Deafness in dogs is the complete or partial deficiency of hearing. If your dog is completely deaf, it is quite easy to pick up on, but not so easy to detect if he is only deaf in one ear.
Injuries to the ear canal, tears in the the ear drum or damage to the small bones inside the ear can lead to deafness. Also infections, a build up of wax, repeated exposure to loud noises and nerve damage due to old age can lead to hearing problems
Some dogs, especially white dogs, are born deaf. Normally, puppies will react to sounds by about 2 weeks old. Breeders should have noticed any hearing problems before a puppy is ready to go to it's new home.
Dog owners may not discover deafness until their dog stops responding to commands, familiar sounds, such as a knock at the door. Fortunately, most dogs adjust to being deaf by trusting on their other senses rather than their sense of hearing.
For a dog to be able to hear correctly, the cells and nerves that carry sound, and the parts of the brain that translate these messages must be intact and in working order.
Deafness in dogs can be caused by many things. Some are hereditary or simply a result of old age. Conductive hearing loss is caused by diseases that ruin the outer ear canal, tear the ear drum, or interfere with the operation of the very small bones in the middle ear. These include infections of the inner, middle or outer ear, cancer or other tumors, wax build up or other debris obstructing the ear canal.
Deafness can also be a result of decaying of the nerves that detect sound, particularly in older dogs. Deafness in older dogs generally develops gradually and seldom extends to a complete lack of hearing. Most older dogs with hearing problems can still hear high-pitched sounds, such as a whistle.
Deafness can also be congenital, in which case the dog will be born deaf. Inborn deafness is the result of some evolving fault in the cells, nerves or tissues responsible for conductivity and production of sound.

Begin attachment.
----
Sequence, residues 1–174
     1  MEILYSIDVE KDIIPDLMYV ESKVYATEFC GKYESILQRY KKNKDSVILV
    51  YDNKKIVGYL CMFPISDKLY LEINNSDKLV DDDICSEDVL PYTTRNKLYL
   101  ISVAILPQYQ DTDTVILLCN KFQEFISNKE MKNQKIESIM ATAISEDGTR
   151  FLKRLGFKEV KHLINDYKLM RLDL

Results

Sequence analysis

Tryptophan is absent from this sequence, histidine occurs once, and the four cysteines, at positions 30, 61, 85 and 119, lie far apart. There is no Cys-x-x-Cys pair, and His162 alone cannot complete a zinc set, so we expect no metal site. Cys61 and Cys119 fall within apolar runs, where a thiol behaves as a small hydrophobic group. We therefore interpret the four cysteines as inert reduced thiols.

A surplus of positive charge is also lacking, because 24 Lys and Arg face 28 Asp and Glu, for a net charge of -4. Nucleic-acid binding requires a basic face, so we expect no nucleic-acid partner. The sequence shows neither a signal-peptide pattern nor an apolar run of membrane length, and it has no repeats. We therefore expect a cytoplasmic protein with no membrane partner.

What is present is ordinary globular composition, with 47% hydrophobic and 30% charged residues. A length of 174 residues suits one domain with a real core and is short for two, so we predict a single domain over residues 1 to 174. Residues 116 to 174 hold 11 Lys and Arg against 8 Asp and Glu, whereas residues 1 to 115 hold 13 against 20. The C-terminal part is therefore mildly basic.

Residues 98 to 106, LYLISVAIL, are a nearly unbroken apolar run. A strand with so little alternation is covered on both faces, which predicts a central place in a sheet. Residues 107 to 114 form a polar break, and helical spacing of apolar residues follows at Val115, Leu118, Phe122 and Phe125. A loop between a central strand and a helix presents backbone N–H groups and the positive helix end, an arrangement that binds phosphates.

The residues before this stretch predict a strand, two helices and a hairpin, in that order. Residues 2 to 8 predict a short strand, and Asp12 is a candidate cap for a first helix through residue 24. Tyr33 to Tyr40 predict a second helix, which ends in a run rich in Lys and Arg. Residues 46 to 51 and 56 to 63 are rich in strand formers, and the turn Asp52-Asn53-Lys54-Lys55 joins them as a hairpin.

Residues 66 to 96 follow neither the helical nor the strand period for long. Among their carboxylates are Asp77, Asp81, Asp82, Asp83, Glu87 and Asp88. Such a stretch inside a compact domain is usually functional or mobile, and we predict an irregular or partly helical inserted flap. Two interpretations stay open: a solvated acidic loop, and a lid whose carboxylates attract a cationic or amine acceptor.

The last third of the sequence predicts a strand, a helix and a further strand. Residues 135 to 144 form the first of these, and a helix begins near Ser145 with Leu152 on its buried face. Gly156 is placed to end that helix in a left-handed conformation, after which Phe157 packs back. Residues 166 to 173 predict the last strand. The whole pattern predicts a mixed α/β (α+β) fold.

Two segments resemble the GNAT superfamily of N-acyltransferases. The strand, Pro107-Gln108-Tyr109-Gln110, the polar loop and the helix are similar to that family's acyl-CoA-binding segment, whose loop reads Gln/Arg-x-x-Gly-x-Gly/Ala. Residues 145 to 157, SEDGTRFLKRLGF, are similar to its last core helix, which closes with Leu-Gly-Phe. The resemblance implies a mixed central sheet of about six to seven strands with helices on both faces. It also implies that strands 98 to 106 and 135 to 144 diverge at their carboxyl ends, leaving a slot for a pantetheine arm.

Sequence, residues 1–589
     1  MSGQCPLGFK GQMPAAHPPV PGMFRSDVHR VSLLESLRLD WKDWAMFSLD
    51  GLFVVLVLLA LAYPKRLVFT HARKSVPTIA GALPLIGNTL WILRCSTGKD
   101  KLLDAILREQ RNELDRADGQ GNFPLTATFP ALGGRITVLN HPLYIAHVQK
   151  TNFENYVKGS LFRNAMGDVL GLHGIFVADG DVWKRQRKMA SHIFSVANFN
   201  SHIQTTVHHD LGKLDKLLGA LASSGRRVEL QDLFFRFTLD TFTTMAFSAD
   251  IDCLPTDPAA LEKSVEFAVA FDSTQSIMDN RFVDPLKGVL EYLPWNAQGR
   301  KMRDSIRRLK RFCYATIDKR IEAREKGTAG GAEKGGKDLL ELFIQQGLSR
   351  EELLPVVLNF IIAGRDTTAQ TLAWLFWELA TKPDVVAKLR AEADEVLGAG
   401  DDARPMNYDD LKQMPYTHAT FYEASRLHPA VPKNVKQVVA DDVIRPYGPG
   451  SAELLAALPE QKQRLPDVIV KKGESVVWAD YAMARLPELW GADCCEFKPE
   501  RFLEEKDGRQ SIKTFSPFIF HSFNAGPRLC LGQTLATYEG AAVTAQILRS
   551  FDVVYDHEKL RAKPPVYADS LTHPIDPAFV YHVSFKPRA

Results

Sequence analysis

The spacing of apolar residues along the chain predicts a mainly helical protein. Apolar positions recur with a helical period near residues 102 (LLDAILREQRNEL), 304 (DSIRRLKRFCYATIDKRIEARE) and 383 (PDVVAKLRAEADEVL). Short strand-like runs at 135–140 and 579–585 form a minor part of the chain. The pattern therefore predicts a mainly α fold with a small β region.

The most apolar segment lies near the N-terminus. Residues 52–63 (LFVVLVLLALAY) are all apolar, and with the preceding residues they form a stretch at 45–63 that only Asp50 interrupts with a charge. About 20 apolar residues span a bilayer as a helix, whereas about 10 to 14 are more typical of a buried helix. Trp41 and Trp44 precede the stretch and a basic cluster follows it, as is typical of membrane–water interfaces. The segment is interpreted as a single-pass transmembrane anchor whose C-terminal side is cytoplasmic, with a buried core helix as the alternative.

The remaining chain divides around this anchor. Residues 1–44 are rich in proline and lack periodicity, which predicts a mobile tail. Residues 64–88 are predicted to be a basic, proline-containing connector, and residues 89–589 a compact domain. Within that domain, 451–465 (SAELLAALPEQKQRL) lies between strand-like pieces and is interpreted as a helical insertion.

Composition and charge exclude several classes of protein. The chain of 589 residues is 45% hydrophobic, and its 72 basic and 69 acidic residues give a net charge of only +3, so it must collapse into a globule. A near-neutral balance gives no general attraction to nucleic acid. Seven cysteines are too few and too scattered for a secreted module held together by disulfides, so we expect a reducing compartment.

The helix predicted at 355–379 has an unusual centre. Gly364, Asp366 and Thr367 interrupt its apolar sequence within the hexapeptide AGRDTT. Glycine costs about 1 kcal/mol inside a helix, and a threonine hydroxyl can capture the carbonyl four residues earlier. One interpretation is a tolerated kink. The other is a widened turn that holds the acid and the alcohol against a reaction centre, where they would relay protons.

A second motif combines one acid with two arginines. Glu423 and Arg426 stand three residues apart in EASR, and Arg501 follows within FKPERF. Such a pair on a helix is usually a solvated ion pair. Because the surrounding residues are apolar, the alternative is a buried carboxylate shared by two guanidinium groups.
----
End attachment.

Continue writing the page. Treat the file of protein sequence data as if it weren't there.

Some of the breeds typically affected include Dalmatians, Bull Terriers, Boxers, Border Collies, Old English Sheepdogs, English Setters and Rottweilers. Inherent deafness is normally seen in very young dogs and is often connected to incomplete pigmentation of the skin and hair. Dogs with predominantly white coats have an increased risk of congenital deafness.
The inheritance of deafness is linked to the genetic software that the dog's parents contribute to the litter. If the parents can hear but have overly-white heads for their breed, or if they are congenitally deaf from a inheritable condition, the chance of creating deaf puppies is increased.
Some drugs and toxins are known to be responsible for causing deafness in dogs, particularly when applied locally to an ear with a damaged drum.
White dogs should not be bred with one another, because the danger of deaf puppies is quite high. Ear infections should be addressed quickly and continuously until they are fully resolved. Avoid continuous loud noises in close proximity to your dog.
Inherited deafness is a complicated genetic condition that is very hard to eradicate from some breeds, even with careful breeding. The risks of inherited deafness are greatly increased if two deaf dogs are coupled. Even so, two dogs with entirely normal hearing can still produce deaf puppies. If you think that your dog has a hearing condition, confer with your veterinarian so that a correct course of action can be followed.
Dogs are empowered with the ability to easily trust on their other senses to compensate for one that they have either lost or never had. Dogs with total congenital deafness are born deaf and never feel the sensation of sound. They do not know that they are deaf or that they are any different from other dogs.
Dogs with developed deafness normally become deaf gradually. Most owners do not realise that their dog is losing it's hearing until it has lost most of its power to hear. They may notice that something about their dog seems different but they generally do not suspect hearing loss until it becomes quite obvious.
Things to Remember About Deaf Dogs:
Deaf dogs are no less healthy than most hearing dogs and do not suffer because they are deaf. They are not more likely to become aggressive than any other dog and should be socialized from puppyhood, just like hearing dogs.
They don't know that they are deaf and are not concerned that they are deaf. Deaf dogs can be trained just as easily as hearing dogs.
Because they are deaf, they may become startled if awakened suddenly, so be gentle.
Deafness in dogs should not prevent your pet from living a normal, happy life.
They can do any sorts of activities that hearing dogs can do. Deaf dogs do require special attention by owners but they should be able to lead as full a life as any dog with normal hearing capacities.
Deafness in dogs is not a life-threatening condition. However, it is worthwhile asking your vet whether there are any possible treatments to address any conditions that are contributing to your dog’s loss of hearing.